I, like just about everyone on facebook, twitter, instagram, pinterest and every other form of social media, tend to post a lot of pictures. No real surprise that instead of kids, cats, dogs or shoes my pictures are mostly photos of cows, calves and farm life. Cats, dogs, shoes and other random photos do make the cut but it’s mostly all about the cows. If you follow me on twitter and were to look back on my tweets you would see lots of bad, blurry snapshots of wet calves late at night, usually with their mother’s muzzle in the frame licking the new calf off. The next morning you would see photos of a cute, dry, fluffy calf cuddled up in it’s calf hutch. But i’ve never really posted much about what happens between the photos. So I decided to take some photos from start to finish (mostly, I thought of this idea part of the way through) and share them with you.
So here it is…. How baby calves go from wet and squishy to soft and cuddly.
When we have a new calf born the first thing I do is make sure that the new mama gets up and shows an interest in her baby. Calves need the stimulation of their mother licking them off to get their bearings after being born. If the cow doesn’t show an interest in the calf I will grab a towel and start to rub the baby dry myself. Thankfully Gentle had the instinct to lick off her calf. The second thing I do when we have a new calf born is lift up it’s back leg and check the plumbing. While we do use Ultrasound to check gender of our calves before they are born sometimes we get a surprise. Gentle had a heifer (girl) calf.
One of the most common questions I have from people about calves is why we don’t keep baby calves with their mothers on a dairy farm. Or why we keep calves in those little houses and not with their moms. My answer is that we do let the mama cows lick off their babies, but after that we take over care of the calf. We do this for many reasons. The first is that our cows calve in a group pen, if you have ever been in a situation where you have a pack of baby hungry women and a newborn you can imagine what the calving pen is like after a calf is born. Often times a cow other than the one who gave birth will want to claim the new calf as her own. Some times several cows want the calf to be theirs. This usually upsets the actual mother of the calf and since cows can’t use their words, a lot of pushing and head butting comes into play. The problem with this is that these cows get so caught up in wrestling that they forget that there is a brand new baby in the area and the calf can get stepped on and hurt or even killed. The second reason we take over for the cows is that just like a human newborn calves don’t have much of an immune system built up yet. For the same reason that new moms refuse to hand over their precious bundle of joy to a hacking, sneezing and feverish person we do what we can to stop the spread of any bugs to the baby calf. Since no one has been able to litter box train a cow yet, manure happens and as you can imagine manure can carry said bugs. A third reason we take over and one that will resonate with any mother who has nursed her child…. Calves are born with teeth and they are sharp! When a calf is hungry they will wander up to their mother and take their cute little heads and punch their mother’s udder with it to get them to let down their milk. I am not certain why a cow is designed to reward bad behavior but they are. Then the calf with start to suckle, teeth and all. While a beef cow’s udder is more built for this kind of thing a dairy cow’s udder just doesn’t handle the abuse as well.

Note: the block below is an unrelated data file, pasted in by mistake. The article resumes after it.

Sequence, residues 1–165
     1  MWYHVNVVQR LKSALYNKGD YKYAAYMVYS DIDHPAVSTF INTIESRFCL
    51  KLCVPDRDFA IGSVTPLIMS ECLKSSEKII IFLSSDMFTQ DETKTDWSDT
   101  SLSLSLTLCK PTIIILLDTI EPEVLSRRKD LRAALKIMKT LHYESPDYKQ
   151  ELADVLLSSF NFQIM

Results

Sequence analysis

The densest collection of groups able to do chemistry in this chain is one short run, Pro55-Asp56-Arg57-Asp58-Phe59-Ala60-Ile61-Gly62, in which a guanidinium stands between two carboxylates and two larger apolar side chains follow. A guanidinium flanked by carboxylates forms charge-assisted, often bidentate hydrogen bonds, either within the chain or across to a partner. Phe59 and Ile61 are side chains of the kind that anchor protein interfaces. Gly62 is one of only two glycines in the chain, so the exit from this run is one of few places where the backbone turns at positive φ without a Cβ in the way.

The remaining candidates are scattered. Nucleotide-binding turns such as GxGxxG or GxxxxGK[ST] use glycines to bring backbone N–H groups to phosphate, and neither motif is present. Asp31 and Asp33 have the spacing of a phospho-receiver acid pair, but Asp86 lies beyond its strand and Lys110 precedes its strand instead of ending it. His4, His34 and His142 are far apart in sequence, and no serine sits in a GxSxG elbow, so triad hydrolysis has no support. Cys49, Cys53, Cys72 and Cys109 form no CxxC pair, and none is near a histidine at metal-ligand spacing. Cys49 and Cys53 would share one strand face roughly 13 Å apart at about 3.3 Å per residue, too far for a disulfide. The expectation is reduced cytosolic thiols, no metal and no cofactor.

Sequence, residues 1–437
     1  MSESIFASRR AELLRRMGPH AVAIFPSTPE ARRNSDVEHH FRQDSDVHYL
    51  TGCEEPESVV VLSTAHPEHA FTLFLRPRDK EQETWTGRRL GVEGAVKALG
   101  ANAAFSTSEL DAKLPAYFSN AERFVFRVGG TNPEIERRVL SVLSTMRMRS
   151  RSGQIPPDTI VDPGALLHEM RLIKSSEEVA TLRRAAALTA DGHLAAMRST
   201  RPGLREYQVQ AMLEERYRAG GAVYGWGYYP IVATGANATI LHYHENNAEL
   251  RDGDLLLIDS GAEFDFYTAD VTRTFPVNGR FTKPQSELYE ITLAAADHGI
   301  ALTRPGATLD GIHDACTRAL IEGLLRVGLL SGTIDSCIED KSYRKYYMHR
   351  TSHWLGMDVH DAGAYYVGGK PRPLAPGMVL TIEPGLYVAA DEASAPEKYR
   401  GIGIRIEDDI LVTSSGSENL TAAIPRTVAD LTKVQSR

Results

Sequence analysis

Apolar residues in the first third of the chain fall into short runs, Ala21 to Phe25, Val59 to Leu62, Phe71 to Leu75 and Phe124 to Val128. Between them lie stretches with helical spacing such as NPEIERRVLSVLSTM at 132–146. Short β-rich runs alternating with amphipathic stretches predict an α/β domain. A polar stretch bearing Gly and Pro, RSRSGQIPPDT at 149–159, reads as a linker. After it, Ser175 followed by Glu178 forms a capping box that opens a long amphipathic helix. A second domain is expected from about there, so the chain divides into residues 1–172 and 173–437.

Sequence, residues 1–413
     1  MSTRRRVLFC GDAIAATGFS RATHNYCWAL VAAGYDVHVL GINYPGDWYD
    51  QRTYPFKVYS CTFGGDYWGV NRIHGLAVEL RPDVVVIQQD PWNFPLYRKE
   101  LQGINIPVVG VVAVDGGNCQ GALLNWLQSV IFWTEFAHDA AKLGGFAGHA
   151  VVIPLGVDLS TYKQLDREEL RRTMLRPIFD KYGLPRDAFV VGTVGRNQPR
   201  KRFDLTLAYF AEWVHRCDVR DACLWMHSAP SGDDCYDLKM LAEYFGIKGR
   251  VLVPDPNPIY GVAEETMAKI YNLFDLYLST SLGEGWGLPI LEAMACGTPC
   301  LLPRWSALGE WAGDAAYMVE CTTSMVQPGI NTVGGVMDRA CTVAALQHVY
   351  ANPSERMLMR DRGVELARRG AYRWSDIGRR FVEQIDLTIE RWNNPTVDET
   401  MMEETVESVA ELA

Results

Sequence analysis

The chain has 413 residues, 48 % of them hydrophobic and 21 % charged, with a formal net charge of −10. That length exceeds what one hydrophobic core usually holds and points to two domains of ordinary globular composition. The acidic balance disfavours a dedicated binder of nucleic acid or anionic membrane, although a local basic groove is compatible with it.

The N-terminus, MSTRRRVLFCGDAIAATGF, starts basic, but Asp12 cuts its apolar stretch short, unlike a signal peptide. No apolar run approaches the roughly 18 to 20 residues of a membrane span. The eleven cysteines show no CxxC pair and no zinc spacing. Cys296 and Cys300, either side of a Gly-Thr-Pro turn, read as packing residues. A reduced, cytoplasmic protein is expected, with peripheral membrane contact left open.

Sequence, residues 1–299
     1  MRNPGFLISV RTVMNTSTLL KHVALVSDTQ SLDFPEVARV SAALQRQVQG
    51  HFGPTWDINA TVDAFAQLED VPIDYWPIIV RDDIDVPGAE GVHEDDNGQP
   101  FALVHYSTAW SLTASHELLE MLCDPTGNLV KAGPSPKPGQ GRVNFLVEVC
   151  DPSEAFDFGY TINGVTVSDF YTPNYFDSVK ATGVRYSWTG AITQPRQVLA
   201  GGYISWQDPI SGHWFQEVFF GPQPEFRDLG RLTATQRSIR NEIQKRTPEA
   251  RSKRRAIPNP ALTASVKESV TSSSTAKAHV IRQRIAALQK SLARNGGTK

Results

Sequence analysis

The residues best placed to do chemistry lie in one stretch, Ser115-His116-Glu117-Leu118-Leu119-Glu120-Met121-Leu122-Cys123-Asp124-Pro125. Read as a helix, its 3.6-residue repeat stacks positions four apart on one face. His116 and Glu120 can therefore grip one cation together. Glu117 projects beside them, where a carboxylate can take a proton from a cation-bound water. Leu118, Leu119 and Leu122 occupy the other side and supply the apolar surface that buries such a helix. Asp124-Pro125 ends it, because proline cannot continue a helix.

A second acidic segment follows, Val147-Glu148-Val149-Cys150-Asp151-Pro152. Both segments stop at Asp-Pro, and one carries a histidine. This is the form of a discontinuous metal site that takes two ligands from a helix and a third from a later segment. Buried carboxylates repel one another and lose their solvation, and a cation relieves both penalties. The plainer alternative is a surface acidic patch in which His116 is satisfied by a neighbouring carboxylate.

So after the calf is born and we have moved the calf to her own hutch, her mother will be milked. This milk is called colostrum, it is thick and sticky and is full of maternal antibodies that will help the new calf build a strong immune system. Before the calf is given the colostrum, on our farm, we use a product called Ecolizer. It’s an oral dose of antibodies that will help her build immunity specifically to the e.coli bacteria.
After the calf has a chance to absorb the Ecolizer, it’s time to eat! Because the colostrum from the cow is so important for the calf’s future we want to make sure that the calf gets at least a gallon of colostrum into their tummy in the first 12-24 hours. This is another reason why we take over from the cow. It’s vital to the calf that it get enough colostrum in the right amount of time. A calf slowly loses the ability to absorb the antibodies from the colostrum every hour after the first 6 hours of it’s life.
The next important step is to make sure the calf is identified. Most dairy farms use ear tags to do this. The calf is assigned a number and given a name. On our farm the calf gets a name that starts with the same letter as it’s mother’s name. So Gentle had….
Little Gem was born with some pretty crooked legs. This is probably due to a combination of being scrunched up inside of mom and not getting enough selenium. Most areas of our country don’t have to worry about getting extra selenium into their expectant mothers because the feed grown in the area contains a good amount. But here in Southern Wisconsin we have very low selenium levels and extra supplementation is needed. To help Gem get good strong legs under her I gave her a small dose of selenium.
So Gem was born early Saturday morning. She is doing very well and her legs have already straightened out a great deal. Gem will live in her hutch for the next 2-3 months. We usually wean the calves off of milk at about 2 months old. They will stay in their hutch until they are ready to be moved into group housing with a few calves that are the same age and size. So the next time you see calves in hutches I hope you will have a better idea of how we care for our calves. If you have a question please leave a comment and I will do my best to answer it.